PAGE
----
This was the first of three standard surveys scheduled in the 2014 lake management plan to determine whether long range goals for walleye and northern pike had been met, and to determine the contribution of stocking to the walleye population. The long range goal for walleye in this lake, in place since 1991, is a minimum gill net catch of 5.0 fish/set. It was last met in 2006. The goal for northern pike is a minimum gill net catch of 0.7 fish/set, with some fish over 30 inches present. It was first established in 1997, and has rarely been fully met since.
In 2015 walleye numbers were low for this lake, and most of the fish present were small. Although some walleye had been produced naturally, only one moderately strong natural year class was sampled (2012). Stocked 2011 and 2013 year classes together accounted for 48 of the 70 walleye taken in this survey (69% of the total catch). Walleye growth had been quite slow; fish reached a mean length of just 9.8 inches by the end of their fourth year, compared to an area average of 14.4 inches.
Northern pike numbers also appeared to have been low in 2015, and no fish over 30 inches were taken. No northern pike older than four years were seen. Growth rates had been a little slower than average; four-year-old fish reached a mean length of 22.6 inches by the end of their fourth year. At that rate, fish would have to survive for at least six years to reach a length of 30 inches.
Smallmouth bass appeared to have been abundant and large in Devil Track Lake in 2015. The gill net catch and the mean weight for smallmouth bass taken in gill nets were similar to values observed in most surveys of this lake done since 1996. Smallmouth bass abundance in this lake surged after the late 1980s. Since that time the lake has maintained fairly high smallmouth bass numbers, and a fairly high-quality population. in 2015 over two-thirds of the smallmouth bass collected were over 12 inches in length - a fairly high number for a lake in this area.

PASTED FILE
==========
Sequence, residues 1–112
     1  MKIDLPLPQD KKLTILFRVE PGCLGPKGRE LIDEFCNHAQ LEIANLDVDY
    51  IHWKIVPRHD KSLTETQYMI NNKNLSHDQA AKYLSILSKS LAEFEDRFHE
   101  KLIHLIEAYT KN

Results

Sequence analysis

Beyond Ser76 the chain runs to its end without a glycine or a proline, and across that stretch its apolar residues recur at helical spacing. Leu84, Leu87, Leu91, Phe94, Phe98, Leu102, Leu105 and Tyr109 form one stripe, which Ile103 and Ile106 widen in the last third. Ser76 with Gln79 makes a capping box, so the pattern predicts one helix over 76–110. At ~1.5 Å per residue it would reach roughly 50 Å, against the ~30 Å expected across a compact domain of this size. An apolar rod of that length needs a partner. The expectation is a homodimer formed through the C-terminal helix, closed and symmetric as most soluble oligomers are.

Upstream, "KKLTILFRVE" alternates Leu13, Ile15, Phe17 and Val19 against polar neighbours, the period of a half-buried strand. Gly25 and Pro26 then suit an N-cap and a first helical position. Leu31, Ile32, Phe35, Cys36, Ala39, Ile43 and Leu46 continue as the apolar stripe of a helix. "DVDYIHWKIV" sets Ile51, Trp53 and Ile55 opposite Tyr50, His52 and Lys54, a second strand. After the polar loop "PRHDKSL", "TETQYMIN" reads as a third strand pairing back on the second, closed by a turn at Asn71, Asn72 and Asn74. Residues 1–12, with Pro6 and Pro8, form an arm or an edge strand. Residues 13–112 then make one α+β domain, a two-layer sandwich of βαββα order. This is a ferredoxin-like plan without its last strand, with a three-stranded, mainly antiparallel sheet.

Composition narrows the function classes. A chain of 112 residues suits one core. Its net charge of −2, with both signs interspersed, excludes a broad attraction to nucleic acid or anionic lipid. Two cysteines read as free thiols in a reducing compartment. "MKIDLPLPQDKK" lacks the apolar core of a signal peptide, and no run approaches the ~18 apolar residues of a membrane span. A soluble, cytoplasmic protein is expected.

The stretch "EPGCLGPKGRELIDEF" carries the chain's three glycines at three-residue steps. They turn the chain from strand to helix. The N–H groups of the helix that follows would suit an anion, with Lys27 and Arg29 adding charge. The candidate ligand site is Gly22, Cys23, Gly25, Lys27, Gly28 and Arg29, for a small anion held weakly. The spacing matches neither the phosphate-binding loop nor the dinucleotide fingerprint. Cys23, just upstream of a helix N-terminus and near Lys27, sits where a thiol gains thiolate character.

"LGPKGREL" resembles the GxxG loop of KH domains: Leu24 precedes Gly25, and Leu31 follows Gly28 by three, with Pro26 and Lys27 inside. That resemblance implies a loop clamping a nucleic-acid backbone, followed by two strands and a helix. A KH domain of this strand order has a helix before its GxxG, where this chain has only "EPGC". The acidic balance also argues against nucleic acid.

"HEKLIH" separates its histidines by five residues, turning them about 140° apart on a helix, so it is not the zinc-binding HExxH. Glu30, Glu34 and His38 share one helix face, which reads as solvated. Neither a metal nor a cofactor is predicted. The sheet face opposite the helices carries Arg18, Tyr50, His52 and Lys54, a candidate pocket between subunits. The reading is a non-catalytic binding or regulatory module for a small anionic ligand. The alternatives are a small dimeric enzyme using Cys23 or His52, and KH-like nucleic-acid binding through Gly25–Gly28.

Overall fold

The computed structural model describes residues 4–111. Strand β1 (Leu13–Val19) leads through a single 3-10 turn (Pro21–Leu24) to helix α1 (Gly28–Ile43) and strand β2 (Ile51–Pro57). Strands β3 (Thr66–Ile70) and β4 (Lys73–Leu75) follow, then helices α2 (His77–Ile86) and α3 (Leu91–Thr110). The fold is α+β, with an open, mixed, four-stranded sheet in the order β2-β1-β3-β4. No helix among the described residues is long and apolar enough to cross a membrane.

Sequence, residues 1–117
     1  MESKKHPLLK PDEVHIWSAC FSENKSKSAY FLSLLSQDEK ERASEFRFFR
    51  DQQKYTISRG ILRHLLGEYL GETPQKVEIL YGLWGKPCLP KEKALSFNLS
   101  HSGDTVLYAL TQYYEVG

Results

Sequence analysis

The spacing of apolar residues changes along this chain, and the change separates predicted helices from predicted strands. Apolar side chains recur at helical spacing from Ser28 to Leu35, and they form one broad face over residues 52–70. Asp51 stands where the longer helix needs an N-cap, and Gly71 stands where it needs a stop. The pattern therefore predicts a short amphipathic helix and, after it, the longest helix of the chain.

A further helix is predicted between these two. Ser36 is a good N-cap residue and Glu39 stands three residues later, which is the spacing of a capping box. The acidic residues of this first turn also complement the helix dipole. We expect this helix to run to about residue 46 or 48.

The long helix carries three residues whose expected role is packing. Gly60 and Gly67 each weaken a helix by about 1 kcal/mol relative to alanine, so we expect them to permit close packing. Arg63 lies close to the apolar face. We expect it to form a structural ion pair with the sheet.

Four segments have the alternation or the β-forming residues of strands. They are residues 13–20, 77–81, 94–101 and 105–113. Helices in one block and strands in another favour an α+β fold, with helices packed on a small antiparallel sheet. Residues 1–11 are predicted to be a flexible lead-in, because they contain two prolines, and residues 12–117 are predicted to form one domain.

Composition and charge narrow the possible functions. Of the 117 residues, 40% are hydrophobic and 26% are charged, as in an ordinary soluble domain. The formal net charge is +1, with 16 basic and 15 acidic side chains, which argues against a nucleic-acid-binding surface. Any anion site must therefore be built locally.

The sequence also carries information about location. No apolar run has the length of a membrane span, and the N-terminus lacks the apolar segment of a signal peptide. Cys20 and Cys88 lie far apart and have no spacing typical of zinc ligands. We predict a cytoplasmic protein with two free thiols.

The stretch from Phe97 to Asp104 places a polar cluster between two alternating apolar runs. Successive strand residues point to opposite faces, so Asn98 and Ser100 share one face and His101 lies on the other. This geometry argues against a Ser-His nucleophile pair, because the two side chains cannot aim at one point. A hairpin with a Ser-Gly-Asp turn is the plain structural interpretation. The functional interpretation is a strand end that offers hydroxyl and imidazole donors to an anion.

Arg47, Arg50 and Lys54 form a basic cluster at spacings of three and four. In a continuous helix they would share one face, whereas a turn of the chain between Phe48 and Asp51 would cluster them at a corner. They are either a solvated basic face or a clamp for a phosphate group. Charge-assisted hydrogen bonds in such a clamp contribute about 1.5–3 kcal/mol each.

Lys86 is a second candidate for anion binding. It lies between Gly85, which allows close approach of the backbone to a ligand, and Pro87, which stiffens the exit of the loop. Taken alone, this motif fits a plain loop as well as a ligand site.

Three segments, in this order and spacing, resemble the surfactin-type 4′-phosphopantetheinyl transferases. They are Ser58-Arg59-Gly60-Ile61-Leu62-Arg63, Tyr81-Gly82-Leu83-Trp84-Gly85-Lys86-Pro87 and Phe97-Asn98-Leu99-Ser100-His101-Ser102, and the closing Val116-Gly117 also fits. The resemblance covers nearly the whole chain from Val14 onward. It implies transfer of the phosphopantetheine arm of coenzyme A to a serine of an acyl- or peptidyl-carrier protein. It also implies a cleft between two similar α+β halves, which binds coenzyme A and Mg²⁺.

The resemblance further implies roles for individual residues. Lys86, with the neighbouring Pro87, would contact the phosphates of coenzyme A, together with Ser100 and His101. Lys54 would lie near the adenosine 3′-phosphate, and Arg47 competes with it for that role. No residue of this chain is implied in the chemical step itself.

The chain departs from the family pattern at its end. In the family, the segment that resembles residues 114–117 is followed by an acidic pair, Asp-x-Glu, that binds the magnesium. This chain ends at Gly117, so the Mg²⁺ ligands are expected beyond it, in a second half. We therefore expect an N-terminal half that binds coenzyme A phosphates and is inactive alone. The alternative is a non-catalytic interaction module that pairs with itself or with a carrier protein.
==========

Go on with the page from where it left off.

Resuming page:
Yellow perch have been an important part of the forage base for walleye and northern pike in this lake; however, the 2015 yellow perch gill net catch was the lowest seen since 1952 (when none were taken). Although no yellow perch were aged, their lengths suggested at least three year classes (all weak) contributed to the 2015 catch.
Lake whitefish in Devil Track Lake support fall sport-netting and summer fly-fishing fisheries, and provide some high-quality coldwater forage for northern pike. Although the 2015 gill net catch fell below the normal range for a lake of this type, it was similar to catches seen in this lake since 1987. The mean weight for whitefish taken in gill nets was high, both for a lake of this type, and for this lake historically.
No fish species new to Devil Track Lake were collected in the 2015 survey. The lake does not support any panfish, other than a few green sunfish. Devil Track Lake is infested with spiny waterflea.
- Spiny Waterflea
Recreational activities such as recreational boating, angling, waterfowl hunting, and diving may spread aquatic invasive species. Some aquatic invasive species can attach to boats, while others can become tangled on propellers, anchor lines, or boat trailers. Many species can survive in bilge water, ballast tanks, and motors or may hide in dirt or sand that clings to nets, buckets, anchors, and waders. Fortunately, completing simple steps can prevent the transport of aquatic invasive species.